September 18 2014 Latest news:
Shaun Lowthorpe, Business editor
Tuesday, June 10, 2014
New regulations that give farmers flexibility over how they implement EU rules have been announced by Environment Secretary Owen Paterson.
The measures gave some clarity on the implementation of the new CAP greening rules. Much of the update on Ecological Focus Areas was welcome, particularly the impact on current environmental schemes. But the inclusion of hedges on a self-certification basis along with nitrogen-fixing crops, although positive, creates some significant challenges.
DEFRA secretary Owen Patterson confirmed that ditches, ponds and afforested areas would not contribute to EFAs, which will cause significant disruption in prime arable fenland where hedges are lacking. Farmers will seriously have to consider the prospect of taking prime arable land out of production, something which the Government stated would not be the case.
Under new EU regulations, known as greening, farmers must ensure 5pc of their land is set aside as an Ecological Focus Area, instead of being used for farming or lose up to 30pc of payments.
Farmers will be able to choose how to meet the EFA requirement from a list which includes land lying fallow, buffer strips, ‘catch and cover crops’ used to manage soil fertility and quality, Nitrogen Fixing Crops such as legumes and hedgerows.
To receive CAP payments, farmers also have to adhere to ‘cross compliance’ environmental regulations.
But the government has been accused of wasting an opportunity to protect the environment as it unveiled its rules for “greening” farming subsidies.
To receive their basic payments, farmers also have to adhere to environmental regulations and Defra has cut the number of measures from 17 to 11 to reduce the burden on farmers.
In order to receive their subsidies, farmers will no longer have to meet rules on areas such as trees, public rights of way, establishing buffer strips to protect watercourses, historic monuments and water abstraction.
But they will still have to adhere to rules on areas including wild birds, habitats and animal welfare.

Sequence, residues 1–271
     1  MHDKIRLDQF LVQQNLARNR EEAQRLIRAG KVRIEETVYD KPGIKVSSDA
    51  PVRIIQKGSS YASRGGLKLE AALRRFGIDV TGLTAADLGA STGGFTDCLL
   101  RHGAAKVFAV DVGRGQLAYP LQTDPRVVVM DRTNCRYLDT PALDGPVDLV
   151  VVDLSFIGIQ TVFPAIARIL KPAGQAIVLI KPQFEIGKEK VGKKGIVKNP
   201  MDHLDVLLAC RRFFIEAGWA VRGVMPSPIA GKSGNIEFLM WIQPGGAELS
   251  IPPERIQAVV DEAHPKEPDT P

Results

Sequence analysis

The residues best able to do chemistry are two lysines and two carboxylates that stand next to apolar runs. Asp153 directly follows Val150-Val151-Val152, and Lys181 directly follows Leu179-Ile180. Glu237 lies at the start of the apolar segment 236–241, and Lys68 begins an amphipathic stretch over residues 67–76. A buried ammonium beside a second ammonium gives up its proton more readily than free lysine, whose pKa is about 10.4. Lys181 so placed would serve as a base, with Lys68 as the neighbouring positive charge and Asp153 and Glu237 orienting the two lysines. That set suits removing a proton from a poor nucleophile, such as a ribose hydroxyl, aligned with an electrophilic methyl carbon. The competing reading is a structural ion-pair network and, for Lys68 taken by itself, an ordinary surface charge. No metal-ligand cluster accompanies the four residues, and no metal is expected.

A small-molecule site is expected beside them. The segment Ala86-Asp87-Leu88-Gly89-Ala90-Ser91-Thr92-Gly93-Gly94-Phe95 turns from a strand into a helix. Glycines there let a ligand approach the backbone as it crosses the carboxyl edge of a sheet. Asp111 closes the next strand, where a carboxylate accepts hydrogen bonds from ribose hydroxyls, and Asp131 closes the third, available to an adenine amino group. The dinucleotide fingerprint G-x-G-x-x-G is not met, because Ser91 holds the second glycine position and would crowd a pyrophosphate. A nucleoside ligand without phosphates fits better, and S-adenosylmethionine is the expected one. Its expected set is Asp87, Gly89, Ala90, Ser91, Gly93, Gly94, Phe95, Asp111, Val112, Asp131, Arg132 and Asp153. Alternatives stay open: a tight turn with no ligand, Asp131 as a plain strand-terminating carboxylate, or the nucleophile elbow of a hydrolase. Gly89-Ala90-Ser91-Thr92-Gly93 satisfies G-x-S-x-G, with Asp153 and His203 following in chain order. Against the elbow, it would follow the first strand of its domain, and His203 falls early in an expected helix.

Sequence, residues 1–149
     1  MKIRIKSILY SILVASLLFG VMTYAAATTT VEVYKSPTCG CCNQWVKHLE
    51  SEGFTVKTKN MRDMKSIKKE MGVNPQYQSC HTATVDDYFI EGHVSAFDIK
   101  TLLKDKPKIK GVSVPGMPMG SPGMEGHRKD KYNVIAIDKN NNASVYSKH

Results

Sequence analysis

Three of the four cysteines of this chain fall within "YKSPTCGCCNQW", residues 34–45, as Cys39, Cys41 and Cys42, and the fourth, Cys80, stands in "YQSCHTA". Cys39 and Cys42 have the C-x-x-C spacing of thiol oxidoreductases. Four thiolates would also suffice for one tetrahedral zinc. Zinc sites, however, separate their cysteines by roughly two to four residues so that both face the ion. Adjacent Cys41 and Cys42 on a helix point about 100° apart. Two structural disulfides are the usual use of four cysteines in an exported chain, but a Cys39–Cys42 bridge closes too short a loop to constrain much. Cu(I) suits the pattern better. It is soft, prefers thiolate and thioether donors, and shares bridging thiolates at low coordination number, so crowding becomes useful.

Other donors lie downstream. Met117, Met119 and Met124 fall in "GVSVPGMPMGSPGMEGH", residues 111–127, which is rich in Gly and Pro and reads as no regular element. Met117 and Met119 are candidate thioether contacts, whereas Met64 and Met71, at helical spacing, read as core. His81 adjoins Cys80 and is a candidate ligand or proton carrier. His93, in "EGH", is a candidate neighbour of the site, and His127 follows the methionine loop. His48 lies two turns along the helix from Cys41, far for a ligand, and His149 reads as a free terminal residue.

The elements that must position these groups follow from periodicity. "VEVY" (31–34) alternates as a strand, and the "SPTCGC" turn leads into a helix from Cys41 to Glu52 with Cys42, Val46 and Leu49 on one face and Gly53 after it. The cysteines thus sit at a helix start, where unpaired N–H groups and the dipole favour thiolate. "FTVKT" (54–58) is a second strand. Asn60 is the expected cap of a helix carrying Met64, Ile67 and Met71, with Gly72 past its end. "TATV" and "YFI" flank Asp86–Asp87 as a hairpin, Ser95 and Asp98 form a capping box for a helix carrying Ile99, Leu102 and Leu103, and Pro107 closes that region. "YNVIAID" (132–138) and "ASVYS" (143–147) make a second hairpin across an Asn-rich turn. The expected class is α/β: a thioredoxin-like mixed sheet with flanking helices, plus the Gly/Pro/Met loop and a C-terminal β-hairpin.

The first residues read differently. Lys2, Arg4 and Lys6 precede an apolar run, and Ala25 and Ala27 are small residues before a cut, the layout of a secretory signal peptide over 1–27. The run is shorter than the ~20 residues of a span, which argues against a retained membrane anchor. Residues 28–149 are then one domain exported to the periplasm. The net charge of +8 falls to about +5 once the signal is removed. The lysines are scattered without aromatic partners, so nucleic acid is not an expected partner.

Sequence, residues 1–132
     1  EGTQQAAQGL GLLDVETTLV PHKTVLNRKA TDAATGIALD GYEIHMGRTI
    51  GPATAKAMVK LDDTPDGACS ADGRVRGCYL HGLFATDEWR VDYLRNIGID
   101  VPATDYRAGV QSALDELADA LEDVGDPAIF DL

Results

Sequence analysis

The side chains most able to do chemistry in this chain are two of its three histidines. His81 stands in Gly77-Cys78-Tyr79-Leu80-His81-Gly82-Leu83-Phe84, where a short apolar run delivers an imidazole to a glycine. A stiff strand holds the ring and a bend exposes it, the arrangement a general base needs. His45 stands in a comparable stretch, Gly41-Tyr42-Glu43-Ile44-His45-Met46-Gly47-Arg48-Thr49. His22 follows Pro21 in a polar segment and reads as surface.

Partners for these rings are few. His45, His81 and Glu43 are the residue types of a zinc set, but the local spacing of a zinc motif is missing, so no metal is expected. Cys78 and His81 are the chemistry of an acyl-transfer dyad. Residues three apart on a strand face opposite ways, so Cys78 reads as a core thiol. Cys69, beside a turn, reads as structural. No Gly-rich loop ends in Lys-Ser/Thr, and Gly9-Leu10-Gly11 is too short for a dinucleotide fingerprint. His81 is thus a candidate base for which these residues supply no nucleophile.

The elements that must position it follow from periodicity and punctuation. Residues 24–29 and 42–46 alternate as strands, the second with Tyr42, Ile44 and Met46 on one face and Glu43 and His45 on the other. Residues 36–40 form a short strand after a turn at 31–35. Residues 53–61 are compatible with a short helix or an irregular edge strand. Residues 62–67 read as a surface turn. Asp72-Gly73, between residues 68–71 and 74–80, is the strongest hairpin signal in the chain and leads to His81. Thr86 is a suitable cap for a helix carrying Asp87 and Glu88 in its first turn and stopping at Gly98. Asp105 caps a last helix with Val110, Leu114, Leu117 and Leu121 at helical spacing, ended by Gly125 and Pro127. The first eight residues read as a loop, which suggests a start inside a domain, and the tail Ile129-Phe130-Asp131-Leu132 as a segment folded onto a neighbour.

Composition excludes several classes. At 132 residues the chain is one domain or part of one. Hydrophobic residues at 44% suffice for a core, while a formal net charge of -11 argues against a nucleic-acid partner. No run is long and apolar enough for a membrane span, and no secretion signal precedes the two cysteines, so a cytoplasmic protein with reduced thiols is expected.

Environment Secretary Owen Paterson said: “We want farmers to be free to do what they do best: producing food and helping to grow the economy.
“I have said all along the EU’s CAP reform is disappointing, but we have worked hard to remove the worst aspects and to make these knew rules as easy as possible and given flexibility on how they are implemented, as well as reducing the burden of regulations.
“We have allocated £3.5bn to rural development schemes, which we believe is a much better way of improving the environment and growing the rural economy.”
National Farmers’ Union president Meurig Raymond welcomed the news that crops such as peas, and hedgerows, would count towards the greening measures, but called for more options to be included to prevent land being taking out of production.
“Today’s news means more choice for farmers, less land taken out of food production as well as achieving a clear positive benefit for the environment,” he said.
But Matt Shardlow, chief executive of wildlife charity Buglife, said: “The Government is currently producing a national pollinator strategy with the aim of halting the loss of pollination services worth £510m per year to British agriculture, so deciding to exclude pollinator habitats from this greening measure appears perverse.
“It’s a missed opportunity to help bees, hoverflies, and other pollinators.”
The RSPB’s conservation director Martin Harper said the announcement was a “wasted opportunity”, with the Government handing £11 billion to farmers and expecting very, very little in return.
“Without decent green measures, particularly ecological focus areas that actually deliver for wildlife, the Government’s new Pollinator Strategy - anticipated in autumn - will be toothless,” he said.
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